Believe It or Not, Nice Guys Don’t Always Finish Last

THE TIMELESS PRINCIPLE OF GOODNESS

This is one in a series of essays that was originally conceived as a book for print publication. If you enjoy it and would like to read more from the collection, you can find a sort of Table of Contents here.

Kindness and the principle of goodness are directly connected.

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Both generally involve thinking of other people first: their thoughts, their feelings, their preferences. Giving people the basic dignity of treating them as you would want to be treated.

But goodness forces us to take an even broader view. Goodness basically involves doing what is right and good for others even if it’s not the kindest or friendliest thing to do.

How in the world can that be? How contradictory!

Well, not really. Here are some examples:

A young mother stops her infant from running into the street after his favorite ball. The ball gets popped by an oncoming car and the child’s arm is sore from where she grabbed him.

As far as the kid is concerned, Mommy was not very kind. But she did the right thing! That was goodness.

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Dad finds an empty beer can in his 17-year-old son’s car and confiscates the kid’s keys for the weekend, completely ruining a date he had planned.

Ouch. Was that loving? Peaceful? Kind? Not if you ask the son. But was it good? All the parents think so.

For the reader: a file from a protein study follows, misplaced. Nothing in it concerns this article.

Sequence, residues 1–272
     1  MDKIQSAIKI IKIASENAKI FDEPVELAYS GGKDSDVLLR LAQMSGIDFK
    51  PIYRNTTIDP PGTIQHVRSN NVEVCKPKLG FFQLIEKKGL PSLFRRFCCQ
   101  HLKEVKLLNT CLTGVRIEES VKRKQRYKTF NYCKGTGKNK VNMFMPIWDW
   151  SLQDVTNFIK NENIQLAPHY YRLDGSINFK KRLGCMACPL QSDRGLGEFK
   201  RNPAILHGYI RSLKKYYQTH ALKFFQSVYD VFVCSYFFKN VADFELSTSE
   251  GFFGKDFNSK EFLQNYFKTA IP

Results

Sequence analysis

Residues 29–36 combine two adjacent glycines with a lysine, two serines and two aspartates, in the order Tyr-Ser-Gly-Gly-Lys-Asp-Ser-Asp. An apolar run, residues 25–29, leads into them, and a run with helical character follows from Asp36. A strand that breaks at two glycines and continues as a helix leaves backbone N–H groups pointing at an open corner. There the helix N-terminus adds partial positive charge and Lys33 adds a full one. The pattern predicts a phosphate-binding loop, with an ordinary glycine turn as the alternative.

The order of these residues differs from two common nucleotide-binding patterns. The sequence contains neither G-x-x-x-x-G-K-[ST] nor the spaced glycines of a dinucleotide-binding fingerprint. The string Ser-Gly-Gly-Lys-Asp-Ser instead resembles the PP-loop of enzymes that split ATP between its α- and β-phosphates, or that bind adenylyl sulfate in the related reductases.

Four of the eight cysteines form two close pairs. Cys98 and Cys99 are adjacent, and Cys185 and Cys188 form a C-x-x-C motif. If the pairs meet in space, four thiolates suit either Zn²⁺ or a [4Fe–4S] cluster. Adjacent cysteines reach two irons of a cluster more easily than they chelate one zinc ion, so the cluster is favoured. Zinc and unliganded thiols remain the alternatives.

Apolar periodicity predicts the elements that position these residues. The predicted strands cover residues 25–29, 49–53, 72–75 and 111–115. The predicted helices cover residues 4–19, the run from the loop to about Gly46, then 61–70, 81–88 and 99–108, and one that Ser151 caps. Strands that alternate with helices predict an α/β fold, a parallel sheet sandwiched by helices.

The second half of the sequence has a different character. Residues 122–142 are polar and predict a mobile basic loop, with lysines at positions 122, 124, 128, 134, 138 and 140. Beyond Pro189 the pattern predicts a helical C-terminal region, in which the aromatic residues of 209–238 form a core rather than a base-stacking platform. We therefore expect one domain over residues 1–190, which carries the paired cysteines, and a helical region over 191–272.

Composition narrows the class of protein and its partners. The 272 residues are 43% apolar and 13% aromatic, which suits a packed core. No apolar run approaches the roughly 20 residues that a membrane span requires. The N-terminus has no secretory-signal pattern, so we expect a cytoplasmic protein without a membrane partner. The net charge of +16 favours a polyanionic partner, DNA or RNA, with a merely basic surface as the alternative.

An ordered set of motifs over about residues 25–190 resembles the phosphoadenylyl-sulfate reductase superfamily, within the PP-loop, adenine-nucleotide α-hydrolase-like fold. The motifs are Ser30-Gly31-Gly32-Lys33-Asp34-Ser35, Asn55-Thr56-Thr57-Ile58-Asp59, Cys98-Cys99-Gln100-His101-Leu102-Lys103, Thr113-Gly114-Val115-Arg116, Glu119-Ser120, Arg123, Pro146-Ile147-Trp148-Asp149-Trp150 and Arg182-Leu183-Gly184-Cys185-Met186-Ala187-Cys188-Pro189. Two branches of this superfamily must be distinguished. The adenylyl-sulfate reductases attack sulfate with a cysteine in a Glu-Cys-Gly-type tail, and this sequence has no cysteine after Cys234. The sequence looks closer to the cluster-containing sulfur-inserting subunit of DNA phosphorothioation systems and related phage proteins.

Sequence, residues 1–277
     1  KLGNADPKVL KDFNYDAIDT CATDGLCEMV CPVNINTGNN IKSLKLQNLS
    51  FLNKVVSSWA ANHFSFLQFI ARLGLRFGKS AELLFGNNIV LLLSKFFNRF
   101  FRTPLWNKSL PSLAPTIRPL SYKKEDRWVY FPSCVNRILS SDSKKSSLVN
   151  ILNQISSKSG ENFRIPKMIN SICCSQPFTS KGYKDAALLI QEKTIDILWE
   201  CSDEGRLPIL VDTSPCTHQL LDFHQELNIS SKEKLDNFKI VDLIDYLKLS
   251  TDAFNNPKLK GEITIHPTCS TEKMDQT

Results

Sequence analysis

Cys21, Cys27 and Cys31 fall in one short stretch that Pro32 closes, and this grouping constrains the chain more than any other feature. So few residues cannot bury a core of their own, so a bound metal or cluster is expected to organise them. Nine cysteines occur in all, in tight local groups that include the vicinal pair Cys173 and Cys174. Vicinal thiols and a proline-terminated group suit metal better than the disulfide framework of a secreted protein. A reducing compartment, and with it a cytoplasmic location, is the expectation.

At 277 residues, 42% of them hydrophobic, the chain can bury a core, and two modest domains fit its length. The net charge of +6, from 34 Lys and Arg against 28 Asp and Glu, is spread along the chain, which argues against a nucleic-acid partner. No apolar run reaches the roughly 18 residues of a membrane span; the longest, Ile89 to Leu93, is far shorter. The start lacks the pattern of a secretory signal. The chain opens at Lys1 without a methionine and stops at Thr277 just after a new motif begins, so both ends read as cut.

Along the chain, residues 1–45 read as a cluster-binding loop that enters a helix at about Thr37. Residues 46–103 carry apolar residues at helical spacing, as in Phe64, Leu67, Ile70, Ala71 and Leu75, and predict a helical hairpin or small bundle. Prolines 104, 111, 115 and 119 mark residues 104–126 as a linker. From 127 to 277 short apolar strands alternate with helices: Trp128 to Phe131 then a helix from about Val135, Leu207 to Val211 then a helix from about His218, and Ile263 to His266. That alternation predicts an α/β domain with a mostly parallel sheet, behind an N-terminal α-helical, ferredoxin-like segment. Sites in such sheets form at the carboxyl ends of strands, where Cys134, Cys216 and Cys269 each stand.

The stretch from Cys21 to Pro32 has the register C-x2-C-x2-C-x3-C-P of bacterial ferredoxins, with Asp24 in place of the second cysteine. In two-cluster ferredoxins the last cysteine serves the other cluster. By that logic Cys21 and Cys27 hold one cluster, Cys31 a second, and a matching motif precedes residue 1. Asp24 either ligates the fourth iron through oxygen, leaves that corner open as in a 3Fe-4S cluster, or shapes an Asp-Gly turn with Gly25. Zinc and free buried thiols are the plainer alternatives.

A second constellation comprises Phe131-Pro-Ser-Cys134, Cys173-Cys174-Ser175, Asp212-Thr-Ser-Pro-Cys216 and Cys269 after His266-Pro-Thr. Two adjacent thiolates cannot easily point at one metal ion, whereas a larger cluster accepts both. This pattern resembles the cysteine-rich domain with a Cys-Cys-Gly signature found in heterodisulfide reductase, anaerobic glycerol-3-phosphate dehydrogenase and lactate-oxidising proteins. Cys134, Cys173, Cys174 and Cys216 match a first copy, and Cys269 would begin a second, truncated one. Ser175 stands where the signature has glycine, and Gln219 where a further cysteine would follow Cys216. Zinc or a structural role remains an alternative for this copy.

As a parent, the parenting examples come readily to my mind, but certainly the principle of goodness can be exemplified in countless ways. The point is that sometimes the good or right thing to do is not always the easiest, kindest thing to do. But if it’s truly done with the other person’s best interests at heart, it’s still good.

Now a serious warning is in order here: since goodness can sometimes involve making the decision to do something in someone else’s best interest, even against their will, you’d better be darn sure that what you’re doing is actually the right thing. AND you’d better darn well be in a position where you are morally, ethically, and legally able to take whatever action you’re thinking of taking!

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Because if you’re not, all the pure motive in the world won’t change the fact that you’ve imposed your will on another human being where you had no right to do so. And that will never be good.

So, as a parent, you’re in a tough position sometimes, needing to make difficult decisions on behalf of your children that they may not appreciate or agree with. At least not yet. In some other facets of life, you may need to do the same for others as well. Being good is not easy, especially since the easier path is generally the wrong one.

But when the dust settles and you look back on the decisions you’ve made, you will hopefully be able to confirm that what you did was the right thing. And hopefully, by then, the people you helped out will appreciate it too.

Thank goodness.

WORDS TO REMEMBER:“Do all the good you can and make as little fuss about it as possible.” — Charles Dickens

This is one in a series of essays that was originally conceived as a book for print publication. If you enjoy it and would like to read more from the collection, you can find a sort of Table of Contents here.

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